Get a Job? This work has been published in the Teen Ink monthly print magazine.

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     Is it a head start on a career, or child labor? Why are kids joining the work force so young? Is it because they look up to their parents? Or because they have a lust for money? Is it because they want to help support their families, or because they are forced by parents to provide some of the food on the table?

I didn't work for any of these reasons, but because I was bored. On a normal school day I get up at 6 a.m., grab a cereal bar, lunch and go to school. I spend the day scavenging for the fastest way to get decent grades, finish my homework with hours to spare while watching "Friends" and snacking on potato chips.

Twice a week, however, I use every spare minute between bells to do my homework. When I get home I have 15 minutes to change and get a ride to work.

I walk through the restaurant doors quickly; I am three minutes late. After clocking in, and being greeted by a couple of the nicer waitresses, I take my position between a grimy, food-splattered sink and a dishwasher. It's where I'll be for the next five hours.

The 14- and 15-year-old workers at this fast-food restaurant work, illegally, after hours. They scrub and wash long after they stop serving food for minimum wage and a pat on the back.

But I love my job. The work is hard, the pay is low, and the people aren't perfect, but I love it. It might be the reward of my very own paycheck to buy whatever my heart desires, or the fact that I don't have to listen to my parents for an entire evening, or that every once in a while someone new and interesting is hired.

Many teens who work miss out on something others have had the privilege to experience. They are discovering who they are. Extracurricular activities take up time just as a job does, but usually with them, you interact with people your age. You are able to come and go whenever you want. It is, and is meant to be fun.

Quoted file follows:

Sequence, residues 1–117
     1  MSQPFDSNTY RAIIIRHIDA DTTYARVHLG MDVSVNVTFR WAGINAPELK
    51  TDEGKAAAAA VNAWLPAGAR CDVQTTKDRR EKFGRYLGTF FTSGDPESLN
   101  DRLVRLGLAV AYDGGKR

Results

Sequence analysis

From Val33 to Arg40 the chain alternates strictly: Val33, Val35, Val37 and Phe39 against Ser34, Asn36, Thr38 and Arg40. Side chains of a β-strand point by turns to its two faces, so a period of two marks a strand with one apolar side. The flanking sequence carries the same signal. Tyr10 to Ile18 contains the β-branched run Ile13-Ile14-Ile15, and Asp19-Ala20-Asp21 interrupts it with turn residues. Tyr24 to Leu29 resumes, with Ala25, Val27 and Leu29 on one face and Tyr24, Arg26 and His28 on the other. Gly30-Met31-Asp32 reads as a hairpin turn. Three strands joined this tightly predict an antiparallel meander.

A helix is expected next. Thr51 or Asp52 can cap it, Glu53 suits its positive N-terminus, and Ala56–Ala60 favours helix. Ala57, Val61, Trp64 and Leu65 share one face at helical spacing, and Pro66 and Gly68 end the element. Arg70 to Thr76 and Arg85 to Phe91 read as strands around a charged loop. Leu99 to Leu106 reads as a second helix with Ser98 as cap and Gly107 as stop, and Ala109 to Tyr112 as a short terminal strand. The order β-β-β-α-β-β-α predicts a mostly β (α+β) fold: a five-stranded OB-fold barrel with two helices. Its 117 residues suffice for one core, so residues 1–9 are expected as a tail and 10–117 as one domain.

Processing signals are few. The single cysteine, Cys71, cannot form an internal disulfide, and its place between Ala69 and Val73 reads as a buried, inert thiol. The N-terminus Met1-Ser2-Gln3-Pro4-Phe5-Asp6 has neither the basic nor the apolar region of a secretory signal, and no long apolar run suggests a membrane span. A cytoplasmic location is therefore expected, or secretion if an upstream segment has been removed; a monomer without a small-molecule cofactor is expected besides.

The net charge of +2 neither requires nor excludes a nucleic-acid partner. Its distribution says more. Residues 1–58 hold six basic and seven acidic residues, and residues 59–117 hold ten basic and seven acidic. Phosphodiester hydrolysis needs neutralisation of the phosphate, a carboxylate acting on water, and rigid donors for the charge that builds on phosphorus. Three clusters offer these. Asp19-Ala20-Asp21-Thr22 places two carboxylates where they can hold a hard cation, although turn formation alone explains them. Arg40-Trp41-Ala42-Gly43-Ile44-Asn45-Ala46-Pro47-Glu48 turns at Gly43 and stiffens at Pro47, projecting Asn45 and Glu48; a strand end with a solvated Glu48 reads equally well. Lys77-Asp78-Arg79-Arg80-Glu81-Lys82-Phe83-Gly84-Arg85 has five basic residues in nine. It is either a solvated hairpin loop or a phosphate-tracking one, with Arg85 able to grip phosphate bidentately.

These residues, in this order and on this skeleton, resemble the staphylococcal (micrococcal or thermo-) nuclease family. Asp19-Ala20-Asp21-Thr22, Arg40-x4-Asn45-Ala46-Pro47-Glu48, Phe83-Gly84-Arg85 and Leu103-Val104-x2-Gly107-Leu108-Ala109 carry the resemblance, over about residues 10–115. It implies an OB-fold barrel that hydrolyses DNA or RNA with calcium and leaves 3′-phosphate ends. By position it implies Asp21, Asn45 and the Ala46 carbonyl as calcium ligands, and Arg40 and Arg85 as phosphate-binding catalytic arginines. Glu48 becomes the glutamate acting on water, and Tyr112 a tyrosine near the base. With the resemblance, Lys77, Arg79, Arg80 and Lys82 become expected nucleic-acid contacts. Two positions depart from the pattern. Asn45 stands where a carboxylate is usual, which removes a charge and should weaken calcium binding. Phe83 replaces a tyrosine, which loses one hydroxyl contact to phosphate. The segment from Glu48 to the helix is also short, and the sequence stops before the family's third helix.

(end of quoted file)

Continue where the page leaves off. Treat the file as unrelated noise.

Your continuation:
The young work force of America is growing. The teenagers I know who work are often too busy to do extra sports, clubs, and sometimes even homework. But these are what help you develop as an individual. Teenagers who work are spending less time with their friends and families. I am able to juggle my schoolwork, lacrosse, Model UN and a job, but there are many who can't. One friends was forced to quit his job because the late nights and lack of sleep were cutting into his schoolwork. To work at a job is hard, and it's very hard when you have other activities.

I understand that there are circumstances when people need to have a job. Most of them, on the other hand, think they are doing themselves a favor by getting a job young. They figure that they really aren't missing out on anything.

They are kids. They are kids who need money. They are kids who need something to do in the evenings to stay away from drugs and violence, as their parents might say, but really, they are just kids. Think about it. Why would you waste your life in front of a TV when you could be building your career? It is because most teens don't sit in front of a TV for even a fraction of their evening. Most socialize with friends or join clubs or sports.

Kids who work may be wasting what could well be the best time of their lives. You have only four years of high school. Take my advice: don't spend too much of it working.

This work has been published in the Teen Ink monthly print magazine. This piece has been published in Teen Ink’s monthly print magazine.






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